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Unformatted text preview: Solutions to Homework #6 Chapter 9 6. Picture the Problem : The ball falls vertically downward, landing with a speed of 2.5 m/s and rebounding upward with a speed of 2.0 m/s. Strategy: Use equation 91 to find the change in momentum of the ball when it rebounds. Solution: 1. (a) Use equation 91 to find p r : 2. (b) Subtract the magnitudes of the momenta: 3. (c) The quantity in part (a) is more directly related to the net force acting on the ball during its collision with the floor, first of all because t = F p r r (equation 93) and as we can see from above that f i p p  p r . Secondly, we expect the floor to exert an upward force on the ball but we calculated a downward (negative) value in part (b). Insight: If the ball were to rebound at 2.5 m/s upward we would find 2 1.1 kg m/s mv = = p r and f i p p = . Such a collision with the floor would be called elastic as discussed in section 96. 14. Picture the Problem : The ball rebounds from the bat in the manner indicated by the figure at right. Strategy: The impulse is equal to the vector change in the momentum. Analyze the x and y components of p r separately, then use the components to find the direction and magnitude of I r . Solution: 1. (a) Find x p : ( 29 ( 29 ( 29 f i 0.14 kg 36 m/s 5.0 kg m/s x x x p m v v = =  = 2. Find y p : ( 29 ( 29 ( 29 f i 0.14 kg 18 0 m/s 2.5 kg m/s y y y p m v v = = = 3. Use equation 96 to find I r : ( 29 ( 29 5.0 kg m/s 2.5 kg m/s = = + I p x y r r 4. Find the direction of I r : 1 1 2.5 tan tan 27 5.0 y x I I  = = = above the horizontal 5. Find the magnitude of I r : ( 29 ( 29 2 2 2 2 5.0 kg m/s 2.5 kg m/s 5.6 kg m/s x y I I I = + = + = 6. (b) If the mass of the ball were doubled the impulse would double in magnitude. There would be no change in the direction. 7. (c) If p r of the ball is unchanged, the impulse delivered to the ball would not change, irregardless of the mass of the bat. Insight: The impulse brings the ball to rest horizontally but gives it an initial horizontal speed. Verify for yourself that this ball will travel straight upward 16.5 m (54 feet) before falling back to i v r f v r Earth. An easy popup! 20. Picture the Problem : The astronaut and the satellite move in opposite directions after the astronaut pushes off. The astronaut travels at constant speed a distance d before coming in contact with the space shuttle. Strategy: As long as there is no friction the total momentum of the astronaut and the satellite must remain zero, as it was before the astronaut pushed off. Use the conservation of momentum to determine the speed of the astronaut, and then multiply the speed by the time to find the distance....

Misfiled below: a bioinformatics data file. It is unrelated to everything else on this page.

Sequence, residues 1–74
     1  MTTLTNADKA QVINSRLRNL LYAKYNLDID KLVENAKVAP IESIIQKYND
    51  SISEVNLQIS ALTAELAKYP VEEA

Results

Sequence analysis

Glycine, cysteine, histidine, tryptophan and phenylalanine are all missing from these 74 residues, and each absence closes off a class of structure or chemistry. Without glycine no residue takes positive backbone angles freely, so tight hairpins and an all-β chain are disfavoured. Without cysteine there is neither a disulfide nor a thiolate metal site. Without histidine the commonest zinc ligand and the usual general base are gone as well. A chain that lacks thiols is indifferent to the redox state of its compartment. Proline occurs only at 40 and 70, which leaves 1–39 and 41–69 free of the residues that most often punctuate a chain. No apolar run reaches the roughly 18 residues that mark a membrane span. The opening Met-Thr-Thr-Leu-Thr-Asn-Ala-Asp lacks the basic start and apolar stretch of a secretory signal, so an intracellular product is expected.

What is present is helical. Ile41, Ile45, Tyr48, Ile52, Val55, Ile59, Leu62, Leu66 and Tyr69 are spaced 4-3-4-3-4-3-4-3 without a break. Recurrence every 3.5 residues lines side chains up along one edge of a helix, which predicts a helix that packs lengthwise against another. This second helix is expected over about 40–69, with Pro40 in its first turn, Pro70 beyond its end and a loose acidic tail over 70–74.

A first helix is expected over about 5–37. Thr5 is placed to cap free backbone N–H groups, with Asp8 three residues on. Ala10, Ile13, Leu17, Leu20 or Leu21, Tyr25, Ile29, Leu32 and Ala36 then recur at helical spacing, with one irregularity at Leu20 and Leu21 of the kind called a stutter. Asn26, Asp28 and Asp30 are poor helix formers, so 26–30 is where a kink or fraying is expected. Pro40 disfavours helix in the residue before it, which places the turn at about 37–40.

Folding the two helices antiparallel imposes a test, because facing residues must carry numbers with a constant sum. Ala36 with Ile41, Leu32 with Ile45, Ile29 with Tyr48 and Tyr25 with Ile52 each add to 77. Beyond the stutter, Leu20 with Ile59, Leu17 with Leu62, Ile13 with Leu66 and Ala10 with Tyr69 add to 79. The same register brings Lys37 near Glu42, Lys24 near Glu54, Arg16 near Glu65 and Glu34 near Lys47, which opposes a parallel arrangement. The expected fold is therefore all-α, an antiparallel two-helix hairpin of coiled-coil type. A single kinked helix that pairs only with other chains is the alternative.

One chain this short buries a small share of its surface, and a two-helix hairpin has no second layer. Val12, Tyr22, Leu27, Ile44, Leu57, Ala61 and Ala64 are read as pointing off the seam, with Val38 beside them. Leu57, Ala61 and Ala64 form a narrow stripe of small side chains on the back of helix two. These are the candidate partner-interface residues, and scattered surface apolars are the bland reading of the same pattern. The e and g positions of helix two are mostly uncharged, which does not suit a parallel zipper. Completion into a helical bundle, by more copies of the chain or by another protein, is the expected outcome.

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This note was uploaded on 10/17/2011 for the course PHY 101 taught by Professor Ashkenkai during the Fall '08 term at FIU.
 Fall '08
 Ashkenkai
 Physics, Momentum, Work

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